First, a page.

The Cross-Device Question: BlueKai

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tawakolBlueKai CEO Omar Tawakol discusses what his company offers in terms of linking consumers across devices.

This is a continuation of a series that previously featured John Nardone, CEO of [x+1]. On Tuesday we’ll post an interview on this subject with Bill Demas, CEO of Turn, and on Wednesday we’ll post an interview with Scott Howe, CEO of Acxiom.

AdExchanger: What are the client demands around connecting mobile devices with other consumer activity?

OMAR TAWAKOL: At the end of the day, there’s one customer and whether they’re coming through search, site or a mobile application or the store, it’s still one customer. The more [clients are] able to unify the knowledge of the customer, it’s much better service for that customer. And that’s a c-level mandate from our clients where they try to get an omnichannel strategy in place for 2014.

So what can be done? First thing we’re starting to see is offline to online linkages. That comes through various providers and that’s pretty standard. The linkage that’s more interesting right now is online to mobile. Now you’ve got a ring of three channels that are connected. We’re seeing and deploying two types of techniques to get online to mobile.

How do you get that linkage?

The first is the statistical technique, which says this user is probably, with a very high probability, the same user I saw online. It has high reach, because you’re using a statistical technique, you’re essentially having a guess about everybody, and you have a statistical cutoff. There’s another technique we’re also deploying, which is nonstatistical, more accurate, which says: I know for sure that this is the same user on the MacBook Air as on that iPhone. Those techniques have lower coverage, because they’re leveraging a relationship that might be in place like a billing relationship or a carrier relationship that might happen between the two devices. So they’re higher accuracy but have far lower reach.

The reason we’re deploying both is because neither solution is yet ideal. Both are still forming. You use higher accuracy where you can. And where you lack the coverage, you use the higher-reach statistical approach.

What’s the accuracy percentage?

Say you’re using an iPhone and you’re using a statistical technique to identify someone on the mobile Web or on a mobile app. As you know on the mobile Web you can’t use a third-party cookie and if you don’t have access to the advertiser ID, you’ll need a statistical bridge. Those bridges tend to be in the high 70% accuracy range and there are things you can do to boost it. People talk of those bridges being good. I personally don’t think that’s a great area to be. You need to use other techniques, other than statistics to try to boost the accuracy levels. The industry seems to be happy with high 70s is a good thing, but in my opinion it’s going to get better and it needs to get better.

What is ideal? Obviously, 100% is ideal but you can’t get that…

Yeah, you can get 100%. That’s the coverage technique. That’s if you have some sort of stable first-party identifier like the carrier ID. The carrier ID is in the IP traffic that goes on the mobile Web and on the mobile app. When you have that kind of signal, it’s 100% accurate. But you don’t have it on all carriers, you don’t have access to it unless you have the right deals.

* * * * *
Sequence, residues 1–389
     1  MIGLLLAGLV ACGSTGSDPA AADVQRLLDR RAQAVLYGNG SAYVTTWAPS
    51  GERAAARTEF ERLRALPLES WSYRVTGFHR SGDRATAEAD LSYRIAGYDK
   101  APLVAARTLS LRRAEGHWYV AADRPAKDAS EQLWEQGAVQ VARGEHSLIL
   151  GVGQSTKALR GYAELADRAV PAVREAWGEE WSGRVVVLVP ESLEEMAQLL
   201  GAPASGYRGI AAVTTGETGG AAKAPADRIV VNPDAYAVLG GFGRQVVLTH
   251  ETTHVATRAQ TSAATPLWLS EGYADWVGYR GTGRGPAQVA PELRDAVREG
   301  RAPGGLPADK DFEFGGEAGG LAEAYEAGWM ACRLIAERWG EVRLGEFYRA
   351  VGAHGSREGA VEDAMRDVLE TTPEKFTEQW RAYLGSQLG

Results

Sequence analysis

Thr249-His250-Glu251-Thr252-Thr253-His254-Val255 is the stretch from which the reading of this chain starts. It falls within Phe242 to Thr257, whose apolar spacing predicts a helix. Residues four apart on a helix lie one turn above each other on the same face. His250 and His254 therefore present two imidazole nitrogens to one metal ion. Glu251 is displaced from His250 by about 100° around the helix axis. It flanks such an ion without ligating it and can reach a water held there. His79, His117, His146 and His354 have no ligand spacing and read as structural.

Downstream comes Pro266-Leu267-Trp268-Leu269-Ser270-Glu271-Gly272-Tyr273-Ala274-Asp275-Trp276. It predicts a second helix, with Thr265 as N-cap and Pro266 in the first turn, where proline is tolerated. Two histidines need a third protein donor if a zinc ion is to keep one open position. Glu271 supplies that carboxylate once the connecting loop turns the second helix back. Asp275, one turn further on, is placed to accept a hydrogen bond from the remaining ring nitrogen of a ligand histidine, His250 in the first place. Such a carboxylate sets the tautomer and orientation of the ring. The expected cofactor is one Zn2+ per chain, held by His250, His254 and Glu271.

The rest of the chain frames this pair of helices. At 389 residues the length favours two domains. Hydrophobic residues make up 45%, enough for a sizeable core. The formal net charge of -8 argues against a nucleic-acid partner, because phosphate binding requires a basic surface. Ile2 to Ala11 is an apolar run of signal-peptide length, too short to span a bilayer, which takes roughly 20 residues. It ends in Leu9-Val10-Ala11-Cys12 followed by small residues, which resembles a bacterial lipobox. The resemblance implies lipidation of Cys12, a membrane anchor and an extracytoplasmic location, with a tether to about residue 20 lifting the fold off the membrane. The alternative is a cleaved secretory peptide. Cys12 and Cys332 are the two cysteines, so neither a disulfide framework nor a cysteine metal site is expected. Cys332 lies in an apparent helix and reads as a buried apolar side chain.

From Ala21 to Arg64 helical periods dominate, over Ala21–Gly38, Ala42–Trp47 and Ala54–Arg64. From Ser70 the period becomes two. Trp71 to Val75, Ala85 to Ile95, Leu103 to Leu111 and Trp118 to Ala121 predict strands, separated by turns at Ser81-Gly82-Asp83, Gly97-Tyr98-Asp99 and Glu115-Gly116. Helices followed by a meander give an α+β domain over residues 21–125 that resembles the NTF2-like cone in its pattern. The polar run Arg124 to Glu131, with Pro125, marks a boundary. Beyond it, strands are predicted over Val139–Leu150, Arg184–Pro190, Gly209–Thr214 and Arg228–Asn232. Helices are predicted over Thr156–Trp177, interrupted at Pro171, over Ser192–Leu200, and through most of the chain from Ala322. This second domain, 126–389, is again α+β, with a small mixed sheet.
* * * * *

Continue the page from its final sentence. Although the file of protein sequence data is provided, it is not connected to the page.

What you’ll see in 2014 is this battle out. The high accuracy techniques will fight to get higher reach. The statistical techniques with higher reach will battle to get higher accuracy. We’ll see who wins. Our bet? It doesn’t matter because we’re working with both techniques, and with multiple vendors.

How can the statistical approach get more accurate?

If you just use statistics alone, it can only fine-tune its accuracy a little bit at a time. Because there’s going to be essentially a war from the browsers, who will try to reduce the entropy that comes through the browser, so the statistical techniques do worse and worse. While [advertisers using statistical methods] try to do better, the browsers are trying to make them do worse. It’s like fingerprinting works because subtle attributes come through the browser. The browser wants to reduce differentiating bits so you can’t do what you want to do.

That war will play out so even if statistical ID gets better, it’ll also over time degrade. So you’ll use other techniques, like having first-party stable IDs, and you’ll have to have enough of those so you’re not reliant only on statistical techniques.

Why is there that push from the browsers to obfuscate information that might help advertisers?

I have 50 reasons to tell you but I can’t because I don’t want to speak to the browser’s business. They have at certain times disclosed to me what the reasons are, but unfortunately I can’t talk about it.

Are their reasons valid?

Let’s not talk about browsers. Let’s step back. There’s a war for owning addressability, which used to be free because it was a third-party cookie and it was an even playing field.

A lot of players don’t like that. They want it replaced with a controlled for-pay mechanism. Once that’s up for grabs, who’s going to fight for this? The browser manufacturers, the device manufacturers, the carriers who carry the traffic, the ad exchanges who control the aperture of what you see in a real-time bid request, the log-in sites with lots of logins and lots of customers.

Those are five players who enter the battle with very different resources. There won’t be a single winner. There will be more of an oligarchy and the role of something like a DMP will be to figure out how to translate across those ID spaces. A single winner is unlikely and it would be bad for the industry, and it probably won’t happen because there are too many big forces in play.

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